Originally Posted on June 28, 2009
When I was about six or seven, my father asked me to pick out an album as the first one I ever owned. I looked around and saw the “Greatest Hits” collection of the Jackson 5. It seemed so appropriate a starting place for someone so rooted in R&B music to embrace the five eldest sons of Joe and Katherine Jackson.
From there, it all fell into place. For another decade or so, the music of the second youngest son, Michael, was the foundation for every form of music I listened to then and now. From “I’ll Be There” to “Scream” (the duet with his sister Janet – and the last Michael song I truly enjoyed), that voice defied convention and rose above the music behind it.
This weekend, a few days after the pronouncement of Michael Jackson’s death, I soaked in my fill of tributes to the “King of Pop.” An old Jamie Foxx radio show had super-producer Teddy Riley talking about the backstory of recording “Remember The Time.” Between the words and the groove, Michael came up with Riley’s biggest hit.
This weekend’s Foxx show, live from BET Music Awards Press Day, had the crew, their guests and Foxx reminisce over moments with Michael. Foxx recalled attending the Jacksons’ “Victory” tour at Texas Stadium in Irving from eleven rows from the stage. The experience of watching Michael influenced Foxx in his endeavors. You can hear the admiration for Jackson in the voices of Keith Sweat, Lyfe Jennings and football great Doug Williams, among others.
The Poetess was right on one point: “(Jackson) belong to us…to the world.”
What truly struck me as poignant was the discussion that transpired on my Facebook. My classmates from Reseda jumped in on how much a part the Jackson were part of the lore of the San Fernando Valley. Michael used to run through the drive through of my first job at a fast food place in Tarzana. Katherine used to go door-to-door spreading the word of the Jehovah’s Witnesses. Tito was the spokesperson for a local bank my mom used to do business with. Our parents had the family as clients for repairing appliances and such. Still, they maintained their compound south of Ventura Boulevard in Encino to this day.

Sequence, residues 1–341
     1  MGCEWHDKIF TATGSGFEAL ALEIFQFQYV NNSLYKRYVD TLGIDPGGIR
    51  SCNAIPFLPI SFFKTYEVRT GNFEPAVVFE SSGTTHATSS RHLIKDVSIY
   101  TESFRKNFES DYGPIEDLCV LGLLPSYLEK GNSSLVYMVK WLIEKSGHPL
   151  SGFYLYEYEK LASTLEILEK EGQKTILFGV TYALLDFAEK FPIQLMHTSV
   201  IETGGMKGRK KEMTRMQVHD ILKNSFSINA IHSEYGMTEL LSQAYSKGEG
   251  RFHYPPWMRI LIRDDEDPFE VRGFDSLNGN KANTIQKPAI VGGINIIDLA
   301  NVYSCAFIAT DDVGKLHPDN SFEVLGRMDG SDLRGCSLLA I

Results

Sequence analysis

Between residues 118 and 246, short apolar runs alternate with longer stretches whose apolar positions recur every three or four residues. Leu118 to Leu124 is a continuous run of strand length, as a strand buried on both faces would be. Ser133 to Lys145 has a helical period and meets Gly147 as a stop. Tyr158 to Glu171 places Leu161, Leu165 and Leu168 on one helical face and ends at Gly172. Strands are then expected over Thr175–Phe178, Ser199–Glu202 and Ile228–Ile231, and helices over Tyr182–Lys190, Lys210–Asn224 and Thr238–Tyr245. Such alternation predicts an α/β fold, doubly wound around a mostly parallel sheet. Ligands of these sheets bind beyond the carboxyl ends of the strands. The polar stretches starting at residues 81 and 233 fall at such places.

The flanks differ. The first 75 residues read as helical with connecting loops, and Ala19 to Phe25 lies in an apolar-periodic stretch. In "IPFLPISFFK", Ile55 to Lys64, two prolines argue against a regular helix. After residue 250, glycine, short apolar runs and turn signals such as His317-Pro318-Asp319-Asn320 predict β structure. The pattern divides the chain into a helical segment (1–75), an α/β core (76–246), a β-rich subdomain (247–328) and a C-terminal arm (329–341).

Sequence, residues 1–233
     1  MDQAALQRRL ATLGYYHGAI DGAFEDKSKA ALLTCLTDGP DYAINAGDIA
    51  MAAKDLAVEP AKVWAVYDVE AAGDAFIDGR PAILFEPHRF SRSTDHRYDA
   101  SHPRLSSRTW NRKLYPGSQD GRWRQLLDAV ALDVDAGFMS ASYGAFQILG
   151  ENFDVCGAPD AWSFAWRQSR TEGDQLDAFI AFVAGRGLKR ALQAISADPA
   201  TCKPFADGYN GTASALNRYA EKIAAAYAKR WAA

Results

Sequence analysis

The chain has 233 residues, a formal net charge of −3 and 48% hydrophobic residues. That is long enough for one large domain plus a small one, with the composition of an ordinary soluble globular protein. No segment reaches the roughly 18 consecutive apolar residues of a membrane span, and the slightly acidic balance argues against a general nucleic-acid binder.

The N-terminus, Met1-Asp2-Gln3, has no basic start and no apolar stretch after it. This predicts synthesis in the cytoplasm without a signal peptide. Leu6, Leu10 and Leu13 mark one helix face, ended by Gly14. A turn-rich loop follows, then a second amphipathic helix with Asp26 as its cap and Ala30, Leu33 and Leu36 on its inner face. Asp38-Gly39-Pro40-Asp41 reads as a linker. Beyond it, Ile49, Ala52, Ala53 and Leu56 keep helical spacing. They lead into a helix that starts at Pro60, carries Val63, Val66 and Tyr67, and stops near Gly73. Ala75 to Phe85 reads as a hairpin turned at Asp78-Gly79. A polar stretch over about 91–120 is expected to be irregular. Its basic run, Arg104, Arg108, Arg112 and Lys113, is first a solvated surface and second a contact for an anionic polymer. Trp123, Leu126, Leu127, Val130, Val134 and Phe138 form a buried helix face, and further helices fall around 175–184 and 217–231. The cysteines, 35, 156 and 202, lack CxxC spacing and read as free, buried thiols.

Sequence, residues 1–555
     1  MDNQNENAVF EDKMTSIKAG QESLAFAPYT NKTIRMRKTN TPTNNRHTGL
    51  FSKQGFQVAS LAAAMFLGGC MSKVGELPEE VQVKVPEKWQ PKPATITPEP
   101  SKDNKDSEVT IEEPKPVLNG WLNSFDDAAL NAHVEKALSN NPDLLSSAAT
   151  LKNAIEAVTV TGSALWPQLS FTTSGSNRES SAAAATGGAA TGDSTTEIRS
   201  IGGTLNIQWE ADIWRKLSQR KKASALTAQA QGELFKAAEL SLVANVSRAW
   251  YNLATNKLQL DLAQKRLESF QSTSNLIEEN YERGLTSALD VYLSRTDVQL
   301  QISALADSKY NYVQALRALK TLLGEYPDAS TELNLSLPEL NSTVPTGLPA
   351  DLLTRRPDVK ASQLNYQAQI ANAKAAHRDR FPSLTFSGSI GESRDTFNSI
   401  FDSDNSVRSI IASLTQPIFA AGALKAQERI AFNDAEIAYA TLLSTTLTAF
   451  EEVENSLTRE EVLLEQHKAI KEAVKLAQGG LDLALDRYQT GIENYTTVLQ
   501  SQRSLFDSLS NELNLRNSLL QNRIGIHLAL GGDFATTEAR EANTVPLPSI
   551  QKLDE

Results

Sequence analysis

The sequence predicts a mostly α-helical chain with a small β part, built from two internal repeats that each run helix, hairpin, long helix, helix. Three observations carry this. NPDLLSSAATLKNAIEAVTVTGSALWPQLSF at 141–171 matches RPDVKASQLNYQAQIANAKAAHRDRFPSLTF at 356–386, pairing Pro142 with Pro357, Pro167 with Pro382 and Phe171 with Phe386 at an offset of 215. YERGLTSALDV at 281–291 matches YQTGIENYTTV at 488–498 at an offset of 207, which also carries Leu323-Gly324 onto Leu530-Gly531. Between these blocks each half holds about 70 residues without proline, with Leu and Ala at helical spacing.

Even as I stepped away from this weekend’s Pride festivities and drove around The Cities, I couldn’t help but bop around the car with “Working Day and Night” on the radio. I was doing the rock to “Don’t Stop ‘Til You Get Enough” on the freeway. I recalled the words to “Rock With You” and sang them out loud!
For me, it wasn’t “Thriller” that was the album of choice as once thought at around my senior year of High School. It was “Off The Wall!” Thirty years later, that album still resonates as penultimate in remembering the sudden loss of Michael Jackson.
I know a lot of folks won’t forgive Michael for what he did, whether it is true or just left in accusation, after the success of “Thriller.” The accusations, the strange behavior, the snap weddings – we would never know what went through his mind from 1983 until last Thursday.
We hope that in death, Michael Jackson will be remembered for the time he given us through his music.